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Scapolite: a tracer for the initial lead isotopic composition in sulfide deposits with later additions of radiogenic lead
Luleå tekniska universitet.
Luleå University of Technology, Department of Civil, Environmental and Natural Resources Engineering, Geosciences and Environmental Engineering.ORCID iD: 0000-0002-0935-3430
1996 (English)In: Mineralium Deposita, ISSN 0026-4598, E-ISSN 1432-1866, Vol. 31, no 1-2, p. 134-139Article in journal (Refereed) Published
Abstract [en]

The initial lead isotopic composition of metamorphosed and tectonically reworked sulfide deposits is not always preserved, as sulfides easily change their lead isotopic composition through incorporation of lead derived from external fluids or redistribution and recrystallization of the deposit. Sulfide trace-lead and in cases even galena-lead from such deposits may show exceedingly radiogenic lead isotopic compositions. Thus, the initial lead isotopic composition has to be estimated from other minerals. Scapolite, which is a common phase in alteration haloes associated with epigenetic sulfide deposits in northern Sweden, has very low uranium-contents. Therefore, its trace-lead contents could preserve the initial isotopic composition of the ore-forming fluids. As scapolite is more resistant to recrystallization, it is more likely to reflect the original lead isotope signature of the deposit. This is illustrated using scapolite and sulfides from the Pahtohavare Cu-Au deposit in northern Sweden, which is hosted by Palaeoproterozoic mafic tuffites and graphitic schists and was affected by a mild thermal metamorphism during the Caledonian orogeny.

Abstract [en]

The initial lead isotopic composition of metamorphosed and tectonically reworked sulfide deposits is not always preserved, as sulfides easily change their lead isotopic composition through incorporation of lead derived from external fluids or redistribution and recrystallization of the deposit. Sulfide trace-lead and in cases even galena-lead from such deposits may show exceedingly radiogenic lead isotopic compositions. Thus, the initial lead isotopic composition has to be estimated from other minerals. Scapolite, which is a common phase in alteration haloes associated with epigenetic sulfide deposits in northern Sweden, has very low uranium-contents. Therefore, its trace-lead contents could preserve the initial isotopic composition of the ore-forming fluids. As scapolite is more resistant to recrystallization, it is more likely to reflect the original lead isotope signature of the deposit. This is illustrated using scapolite and sulfides from the Pahtohavare Cu-Au deposit in northern Sweden, which is hosted by Palaeoproterozoic mafic tuffites and graphitic schists and was affected by a mild thermal metamorphism during the Caledonian orogeny.The initial lead isotopic composition of metamorphosed and tectonically reworked sulfide deposits is not always preserved, as sulfides easily change their lead isotopic composition through incorporation of lead derived from external fluids or redistribution and recrystallization of the deposit. Sulfide trace-lead and in cases even galena-lead from such deposits may show exceedingly radiogenic lead isotopic compositions. Thus, the initial lead isotopic composition has to be estimated from other minerals. Scapolite, which is a common phase in alteration haloes associated with epigenetic sulfide deposits in northern Sweden, has very low uranium-contents. Therefore, its trace-lead contents could preserve the initial isotopic composition of the ore-forming fluids. As scapolite is more resistant to recrystallization, it is more likely to reflect the original lead isotope signature of the deposit. This is illustrated using scapolite and sulfides from the Pahtohavare Cu-Au deposit in northern Sweden, which is hosted by Palaeoproterozoic mafic tuffites and graphitic schists and was affected by a mild thermal metamorphism during the Caledonian orogeny.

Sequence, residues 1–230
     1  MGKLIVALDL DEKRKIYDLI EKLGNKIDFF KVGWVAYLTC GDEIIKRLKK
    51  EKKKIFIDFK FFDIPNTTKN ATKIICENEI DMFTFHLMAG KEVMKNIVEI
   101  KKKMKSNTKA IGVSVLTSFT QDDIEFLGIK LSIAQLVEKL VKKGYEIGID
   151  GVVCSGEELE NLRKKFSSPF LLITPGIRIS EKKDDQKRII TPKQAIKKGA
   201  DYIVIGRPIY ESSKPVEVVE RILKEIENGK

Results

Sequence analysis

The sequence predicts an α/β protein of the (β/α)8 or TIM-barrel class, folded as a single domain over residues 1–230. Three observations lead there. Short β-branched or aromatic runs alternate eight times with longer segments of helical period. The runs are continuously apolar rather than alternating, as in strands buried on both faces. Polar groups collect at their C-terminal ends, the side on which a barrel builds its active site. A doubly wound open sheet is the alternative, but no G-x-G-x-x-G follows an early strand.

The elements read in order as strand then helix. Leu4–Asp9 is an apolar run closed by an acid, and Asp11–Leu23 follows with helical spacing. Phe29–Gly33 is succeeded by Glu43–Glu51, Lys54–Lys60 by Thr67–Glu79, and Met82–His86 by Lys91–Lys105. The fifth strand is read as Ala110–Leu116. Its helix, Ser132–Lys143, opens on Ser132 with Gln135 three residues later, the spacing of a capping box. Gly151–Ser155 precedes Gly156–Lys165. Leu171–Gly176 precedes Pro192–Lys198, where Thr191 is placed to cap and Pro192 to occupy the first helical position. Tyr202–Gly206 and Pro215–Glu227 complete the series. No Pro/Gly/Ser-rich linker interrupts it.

Place, publisher, year, edition, pages
1996. Vol. 31, no 1-2, p. 134-139
National Category
Geology
Research subject
Ore Geology
Identifiers
URN: urn:nbn:se:ltu:diva-6274DOI: 10.1007/BF00225404Local ID: 47c60ff0-b260-11dd-9c9d-000ea68e967bOAI: oai:DiVA.org:ltu-6274DiVA, id: diva2:979151
Note

Godkänd; 1996; 20081114 (andbra)

Available from: 2016-09-29 Created: 2016-09-29 Last updated: 2018-03-26Bibliographically approved

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Martinsson, Olof

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